The Minnesota Vikings defeated the Chicago Bears in a rather ugly affair on Monday Night Football, coming away with a 19-13 victory. The win marks the third in a row for Minnesota, bringing them to 4-5. It's hard to believe they've ended up here after a 1-5 start that suggested the Kirk Cousins extension was a massive error and the notable Mike Zimmer defense is finally collapsing.
We were all a bit too early to circle the wagons on Minnesota, it would seem. Dalvin Cook has found his stride and become the engine that drives the entire offense, averaging 155 yards on the ground per game over the Vikings' last three weeks. Cousins has reverted back to the slightly-above average QB the Vikings believed him to be when they offered him the aforementioned extension. He's thrown six touchdowns and only one pick over the course of the winning streak after starting the year throwing six picks in three games. To tie it all together, the defense has awoken, keeping each of their last three opponents to 22 points or fewer. That is admittedly not impressive when it's the Bears or the Lions, but they did so to Aaron Rodgers and the Packers in Week 8, which is worth noting.
Minnesota has found a winning formula. Rely on Cook and the play-action pass to produce on offense while counting on the defense to keep the score close and capitalize on any mistakes made by the opponent. As long as Cook stays healthy (a rather big if, considering his lengthy injury history), there's little reason to believe they can't keep this level of play up. Could they somehow, some way, keep it up to the point where they're a playoff team?
It will be rather tough. They split their two games with Green Bay this season, but the Packers are 7-2 and unlikely to lose three of their last seven games when only two of those are coming against teams with a winning record. That means the Vikings will be competing for a wild card spot with the division title likely out of reach.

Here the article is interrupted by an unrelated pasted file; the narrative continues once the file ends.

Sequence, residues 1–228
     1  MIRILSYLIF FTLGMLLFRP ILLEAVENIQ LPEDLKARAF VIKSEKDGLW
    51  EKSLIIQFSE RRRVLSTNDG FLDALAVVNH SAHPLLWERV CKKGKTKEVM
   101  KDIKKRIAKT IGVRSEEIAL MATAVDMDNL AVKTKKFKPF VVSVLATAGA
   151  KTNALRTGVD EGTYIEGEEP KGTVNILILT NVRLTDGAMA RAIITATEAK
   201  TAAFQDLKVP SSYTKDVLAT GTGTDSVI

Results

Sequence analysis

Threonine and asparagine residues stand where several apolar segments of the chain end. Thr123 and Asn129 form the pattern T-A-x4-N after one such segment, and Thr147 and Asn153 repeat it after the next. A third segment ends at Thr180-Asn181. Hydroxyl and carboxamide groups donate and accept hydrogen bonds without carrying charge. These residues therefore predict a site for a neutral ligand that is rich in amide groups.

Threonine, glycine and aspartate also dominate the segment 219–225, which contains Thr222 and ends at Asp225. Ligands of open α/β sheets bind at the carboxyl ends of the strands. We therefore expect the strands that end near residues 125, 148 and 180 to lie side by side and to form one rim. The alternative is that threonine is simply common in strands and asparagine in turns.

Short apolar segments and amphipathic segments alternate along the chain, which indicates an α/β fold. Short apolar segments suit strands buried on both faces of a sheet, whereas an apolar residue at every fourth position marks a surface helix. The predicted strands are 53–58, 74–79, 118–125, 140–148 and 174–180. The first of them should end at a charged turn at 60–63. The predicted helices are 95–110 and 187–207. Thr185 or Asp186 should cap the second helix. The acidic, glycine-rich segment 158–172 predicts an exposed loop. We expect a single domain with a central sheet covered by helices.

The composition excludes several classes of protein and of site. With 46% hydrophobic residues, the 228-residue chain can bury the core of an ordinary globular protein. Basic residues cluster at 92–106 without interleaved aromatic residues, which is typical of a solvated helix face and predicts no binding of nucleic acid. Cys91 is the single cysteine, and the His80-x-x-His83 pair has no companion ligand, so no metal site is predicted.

Those three NFC wild card spots will be hotly contested, though. The Saints just lost Drew Brees for a few weeks, but he will presumably return this season. Therefore, we can count on one of the Saints or Bucs to claim one wild card spot. The NFC West is the best division in football with three teams currently sitting at 6-3. Someone has to win that division, so the Vikings will be battling with the other two NFC West teams for the final two wild card spots. Unfortunately for Minnesota, they lost to Seattle already this year, so they'll lose a tiebreaker if the Seahawks' downward slide continues and they miss out on the NFC West title.
Assuming the Vikings win out and go 11-5, they need at least one of the Seahawks, Cardinals, and Rams to lose two of their last seven games. Alternatively, the Vikings will be in the hunt if the Saints lose three games down the stretch or the Bucs lose two. They would then need to win the tiebreaker in any of these scenarios.
It remains a possibility that one of the above-mentioned teams loses the majority of their games over the remainder of the season and the Vikings can get into the wild card round with no tiebreaker needed. Anything can happen. But the most likely path remains going undefeated for the rest of the year and crossing their fingers that the final spot will come down to a tiebreaker between themselves and another 11-5 team.
As it stands right now, the Vikings' playoff hopes are out of their control. They need to take care of their business and win out, which isn't a gargantuan task. They have two tough games remaining on the schedule against the Bucs and Saints, which could be huge in tiebreaker scenarios. Otherwise, Minnesota plays Dallas, Jacksonville, Carolina, Chicago, and Detroit, which are all very winnable games. If they can do that, all they need is a few stumbles from an NFC West or South team. Improbable? Perhaps. Impossible? Not at all. The Vikings, despite a horrid start, are still very much in the playoff race.